Ah, South Dakota, where we talk like Mayberry, act like Goodfellas, and the crazy just keeps on coming.

 

14 December 2015

See You In The Funny Papers

by Jim Doherty and David Dean

There’s an old saying that goes, “See you in the funny papers,” which, I have to admit, I never quite got. I mean, how are you going to see me in the funny papers? I’m a real, live, three-dimensional sort of guy. I must also be a literal kind of guy because now I find that the impossible has happened—I’m in the funny papers! That’s right. I find that I’ve been reduced (some might say enhanced) to two dimensions and basking in the reflected glory of none other than that venerable crime fighter, Dick Tracy! Lest you doubt, I’ve attached proof of my brief appearance.


There, see me? I’m the thin dude in the Hall Of Fame box. It appears that amongst Dick’s many skills and talents at detection, he has also honed an appreciation of fine crime writing—mine… amongst others it seems. Can you believe he also honored some dude named Wambaugh in a previous issue? What kind of name is that for a writer? Get a clue, Wambaugh.

When I got the news it was via a forwarded email from Janet Hutchings at Ellery Queen Mystery Magazine. It being a weekday, I was hard at work hammering out my next story when, during a brief lull in my creativity I checked all my social and communication media. Half an hour later, I’m reading a very kind note from a police sergeant named Jim Doherty telling me of my inclusion in Dick Tracy’s Hall of Fame. He had also attached the comic strip. Jim, as I learned, is the police technical advisor to the comic strip’s creative team.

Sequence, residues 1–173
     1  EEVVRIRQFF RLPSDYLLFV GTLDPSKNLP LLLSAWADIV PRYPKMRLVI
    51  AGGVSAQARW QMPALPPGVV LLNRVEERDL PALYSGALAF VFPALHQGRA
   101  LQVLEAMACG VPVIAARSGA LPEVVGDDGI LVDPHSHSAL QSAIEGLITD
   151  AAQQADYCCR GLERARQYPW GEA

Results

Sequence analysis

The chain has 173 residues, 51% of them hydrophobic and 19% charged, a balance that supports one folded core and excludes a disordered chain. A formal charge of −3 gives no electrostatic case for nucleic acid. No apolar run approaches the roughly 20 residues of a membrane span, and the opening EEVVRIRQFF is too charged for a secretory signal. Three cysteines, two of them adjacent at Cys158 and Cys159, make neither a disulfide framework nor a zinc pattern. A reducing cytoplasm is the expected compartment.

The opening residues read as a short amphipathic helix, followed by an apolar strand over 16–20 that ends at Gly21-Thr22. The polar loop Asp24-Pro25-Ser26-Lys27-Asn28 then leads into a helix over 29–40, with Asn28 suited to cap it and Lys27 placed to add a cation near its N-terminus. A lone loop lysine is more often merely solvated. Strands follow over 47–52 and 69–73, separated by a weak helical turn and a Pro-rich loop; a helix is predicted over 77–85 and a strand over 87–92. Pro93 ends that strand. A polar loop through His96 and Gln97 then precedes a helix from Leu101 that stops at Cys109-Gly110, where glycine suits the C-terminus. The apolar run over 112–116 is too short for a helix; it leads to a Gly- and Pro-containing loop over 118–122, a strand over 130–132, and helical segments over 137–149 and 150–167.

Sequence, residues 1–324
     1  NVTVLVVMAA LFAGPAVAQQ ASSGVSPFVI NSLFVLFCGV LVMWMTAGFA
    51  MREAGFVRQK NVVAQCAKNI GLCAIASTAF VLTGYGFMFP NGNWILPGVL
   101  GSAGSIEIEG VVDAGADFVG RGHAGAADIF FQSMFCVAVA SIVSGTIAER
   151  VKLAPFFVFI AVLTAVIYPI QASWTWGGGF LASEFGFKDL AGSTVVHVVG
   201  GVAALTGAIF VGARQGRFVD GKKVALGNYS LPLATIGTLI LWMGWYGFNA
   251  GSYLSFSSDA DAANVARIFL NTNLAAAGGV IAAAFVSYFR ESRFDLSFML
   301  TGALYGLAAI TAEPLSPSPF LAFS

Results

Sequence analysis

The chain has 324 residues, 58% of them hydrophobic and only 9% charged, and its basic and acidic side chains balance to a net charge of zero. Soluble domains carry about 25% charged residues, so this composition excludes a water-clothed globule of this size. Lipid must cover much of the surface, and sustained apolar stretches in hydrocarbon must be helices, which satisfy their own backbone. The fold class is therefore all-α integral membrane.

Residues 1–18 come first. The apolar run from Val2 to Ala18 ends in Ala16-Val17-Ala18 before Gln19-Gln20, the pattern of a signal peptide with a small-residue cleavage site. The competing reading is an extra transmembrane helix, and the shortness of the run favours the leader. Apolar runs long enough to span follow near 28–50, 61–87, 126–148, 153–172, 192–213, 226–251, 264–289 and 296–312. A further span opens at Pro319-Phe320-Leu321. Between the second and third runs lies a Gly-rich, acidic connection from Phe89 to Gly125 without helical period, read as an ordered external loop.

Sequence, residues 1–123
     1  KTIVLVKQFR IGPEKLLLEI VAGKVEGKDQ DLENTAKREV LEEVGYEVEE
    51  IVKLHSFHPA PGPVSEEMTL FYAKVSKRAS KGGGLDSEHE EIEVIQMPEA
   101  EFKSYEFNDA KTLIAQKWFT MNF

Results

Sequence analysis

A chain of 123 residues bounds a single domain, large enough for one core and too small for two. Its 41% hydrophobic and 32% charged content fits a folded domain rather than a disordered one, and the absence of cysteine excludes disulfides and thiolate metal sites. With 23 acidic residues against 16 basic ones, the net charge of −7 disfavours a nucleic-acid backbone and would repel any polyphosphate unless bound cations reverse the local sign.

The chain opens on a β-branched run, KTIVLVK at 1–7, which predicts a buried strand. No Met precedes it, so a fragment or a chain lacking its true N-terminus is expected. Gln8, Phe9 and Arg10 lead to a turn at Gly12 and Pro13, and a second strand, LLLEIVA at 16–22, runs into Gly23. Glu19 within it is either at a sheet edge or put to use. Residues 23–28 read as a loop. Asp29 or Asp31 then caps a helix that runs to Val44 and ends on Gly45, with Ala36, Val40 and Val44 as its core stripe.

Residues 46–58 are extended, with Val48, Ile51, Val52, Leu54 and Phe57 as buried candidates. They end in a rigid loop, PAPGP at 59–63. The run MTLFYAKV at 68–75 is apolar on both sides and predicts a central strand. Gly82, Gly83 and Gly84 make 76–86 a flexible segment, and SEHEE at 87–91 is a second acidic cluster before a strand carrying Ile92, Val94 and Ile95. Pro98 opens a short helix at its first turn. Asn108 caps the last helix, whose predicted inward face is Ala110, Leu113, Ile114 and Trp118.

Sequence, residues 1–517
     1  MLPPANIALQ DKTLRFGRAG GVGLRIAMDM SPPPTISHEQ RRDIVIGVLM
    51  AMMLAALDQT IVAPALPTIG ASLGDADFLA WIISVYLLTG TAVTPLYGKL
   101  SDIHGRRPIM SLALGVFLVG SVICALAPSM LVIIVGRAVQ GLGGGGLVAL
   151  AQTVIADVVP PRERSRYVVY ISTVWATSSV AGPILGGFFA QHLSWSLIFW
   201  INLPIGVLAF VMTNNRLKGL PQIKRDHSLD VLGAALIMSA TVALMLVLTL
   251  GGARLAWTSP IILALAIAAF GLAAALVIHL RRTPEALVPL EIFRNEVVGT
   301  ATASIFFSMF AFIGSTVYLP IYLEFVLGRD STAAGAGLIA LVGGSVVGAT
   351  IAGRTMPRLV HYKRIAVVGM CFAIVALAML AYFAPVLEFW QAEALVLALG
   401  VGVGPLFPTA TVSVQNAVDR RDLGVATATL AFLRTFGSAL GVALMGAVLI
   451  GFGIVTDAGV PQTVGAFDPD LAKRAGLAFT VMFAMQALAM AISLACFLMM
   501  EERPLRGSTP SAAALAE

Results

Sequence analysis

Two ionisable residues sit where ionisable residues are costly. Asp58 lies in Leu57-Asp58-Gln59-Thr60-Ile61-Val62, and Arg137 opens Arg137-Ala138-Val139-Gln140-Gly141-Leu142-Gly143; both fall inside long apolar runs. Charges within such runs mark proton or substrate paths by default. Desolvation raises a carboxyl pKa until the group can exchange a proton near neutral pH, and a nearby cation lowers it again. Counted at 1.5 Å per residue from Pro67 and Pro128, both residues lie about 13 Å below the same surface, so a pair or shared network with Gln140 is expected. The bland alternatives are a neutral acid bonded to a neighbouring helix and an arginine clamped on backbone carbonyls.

To say that I was blown away would be putting it mildly. Having spent a big part of my adulthood as both a cop and a writer, this inclusion rang all the bells and blew all the whistles for me. I loved it. And it’s great fun to boot.

But that’s enough about me. Though you probably couldn’t tell, I intended my little victory dance to serve as an introduction to my new friend and colleague, Sgt. Jim Doherty, the person most responsible for my induction into the Hall of Fame. On my honor (which is now unquestionable), Jim and I have never met, and he only knew of me through my writing. It was he that submitted my name and bio to the editors, and it was on his recommendation that I was accepted. May his name be sung in the mead halls of Valhalla forevermore.

Jim, as mentioned earlier, is both a police sergeant and technical advisor, but he is also a writer of crime fiction himself. So, I thought it might be interesting if he shared with us a bit about his own background, as well as his relationship with the square-jawed Detective Tracy and his crime-busting comic strip. I think you’ll find it interesting.